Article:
Sunday, June 1, 2008

Risky Business

I like Cally's fire; check out her comment here.

"Risk" is a term used by artists quite often, isn't it? But like "fear", the concept doesn't feature in my life often. I fear car accidents, so I don't jump in front of a speeding car, but I don't even use these words often, particularly pertaining to weaving.

Two or three years ago, I noticed I became matter of fact about my weaving. Before that I loved every single piece I wove and didn't want to part with any, ever, but now once they're washed, pressed, dried, labeled and passed quality inspection, I can't wait to see the back of them. In fact, I now have around 10 pieces from the last 14 months and I don't know what to do with them; they've been shown, they didn't sell, they're not exactly Red Gallery or Sue Bateup's Gallery material, so they sit in a neat pile on the floor of my stash room, and I walk around them felling annoyed they still live here. I've given away few to charity. They're not ugly or bad pieces; I'm just over them. I check them with objective, critical eyes, and then I'm finished with them. (It's a good thing I don't have kids or pets, wouldn't you say??)

I need to weave between three to five warps to understand the characteristic of a particular yarn before I feel I know them. So I think it's stupid of me to use an unknown yarn when I have two weeks or three days for an exhibition or commission. But I do, and that's stupidity, not risk. I also change plans at the last moment, or decide to redo something at the last minute, but these are bad planning, not risk.

What I think I'm thinking is, I don't think I'm particularly reckless, but I don't think I stick to safe things only, either. I don't understand what artists mean when they say they are taking a risk.

It's been a very strange weekend, friends. To make up for not posting earlier in the month, I started writing about quite a few things, but couldn't finish any. I have over 20 drafts now, some with just the title and some with a paragraph, others with a bullet list of ideas or few photos, but I can't concentrate on any.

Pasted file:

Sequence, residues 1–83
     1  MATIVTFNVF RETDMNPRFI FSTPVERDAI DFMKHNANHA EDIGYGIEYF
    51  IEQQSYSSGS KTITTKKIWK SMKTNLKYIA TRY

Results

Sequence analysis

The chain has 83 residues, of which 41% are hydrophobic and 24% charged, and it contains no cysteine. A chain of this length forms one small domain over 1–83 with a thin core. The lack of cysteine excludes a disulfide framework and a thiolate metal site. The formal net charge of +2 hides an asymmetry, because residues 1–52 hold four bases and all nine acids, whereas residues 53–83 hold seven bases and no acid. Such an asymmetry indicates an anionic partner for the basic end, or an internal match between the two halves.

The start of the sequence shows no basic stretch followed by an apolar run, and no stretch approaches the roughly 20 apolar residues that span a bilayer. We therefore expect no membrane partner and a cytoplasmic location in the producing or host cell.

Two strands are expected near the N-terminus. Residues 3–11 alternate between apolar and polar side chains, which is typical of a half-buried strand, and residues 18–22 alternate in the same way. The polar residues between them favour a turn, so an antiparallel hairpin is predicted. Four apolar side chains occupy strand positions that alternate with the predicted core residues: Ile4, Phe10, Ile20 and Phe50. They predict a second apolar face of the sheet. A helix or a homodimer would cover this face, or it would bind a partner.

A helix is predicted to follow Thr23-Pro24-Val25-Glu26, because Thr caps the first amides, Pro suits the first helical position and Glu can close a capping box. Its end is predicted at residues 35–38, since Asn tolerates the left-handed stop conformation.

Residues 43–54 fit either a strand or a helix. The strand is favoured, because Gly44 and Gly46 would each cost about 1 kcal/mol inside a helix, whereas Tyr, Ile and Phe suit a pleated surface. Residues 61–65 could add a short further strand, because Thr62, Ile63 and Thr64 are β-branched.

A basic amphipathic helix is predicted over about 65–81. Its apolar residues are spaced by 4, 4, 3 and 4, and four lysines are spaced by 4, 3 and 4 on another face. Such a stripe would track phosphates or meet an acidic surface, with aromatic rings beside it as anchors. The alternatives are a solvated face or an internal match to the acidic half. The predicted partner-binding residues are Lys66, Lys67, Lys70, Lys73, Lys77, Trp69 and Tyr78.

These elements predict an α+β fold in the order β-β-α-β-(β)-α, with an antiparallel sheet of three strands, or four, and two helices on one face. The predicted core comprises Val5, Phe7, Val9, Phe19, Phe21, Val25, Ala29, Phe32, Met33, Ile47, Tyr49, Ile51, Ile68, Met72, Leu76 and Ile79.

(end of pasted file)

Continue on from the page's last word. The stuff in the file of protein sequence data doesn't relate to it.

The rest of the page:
I keep thinking about Pekka Kuusisto and his ability to love his art so passionately, and wonder how on earth could I feel about my work even 1/100 the way he feels about his. More urgently, I am envious of him having found his thing, or having been born into his thing, (his grandfather, father and brother were/are musicians/composers), and how lucky is he to have had his thing in his youth.

I know I would not have been a good weaver if I discovered it in my teens and 20's, because I was much too impatient and hedonistic to try anything as slow as weaving. I remember a time in my life when one afternoon was forever. But I do remember, surrounded by cousins and friends who started piano and ballet such from age three, that the sooner I found my thing, the happier I would be, and the more I could contribute to the universe. In my teenage years, there was a time I was almost angry because even He didn't call on me, (I went to a Catholic convent school). I worked hard to find my thing, I studied reasonably hard and minded my parents reasonably well, but I couldn't and I knew that in the greater scheme of things, my life was being wasted, ergo I wasn't pulling my weight.

I look at Pekka's clip and envy the energy he pours into his art, and for his knowledge that is his purpose and the reason why he's here. He probably works hard at it and is undoubtedly immensely talented. And I am not deluded enough to compare my ability to weave to his ability to make music. But I am finding aging hard. Not the emotional stuff, I prepared for it for over a year and I thought I was in a good place, but I never thought the body would go so suddenly. I'm not seriously sick or injured, but all the minor complaints I've had in the last decade or so have all come home to roost, with gusto, at once, and I realize this physical decay is a one-way street. I will never have the kind of energy Pekka displays, or indeed I once put into my sports and poetry writing and my studies. And I want it so badly now that I've found my thing and am about to embark on living my life.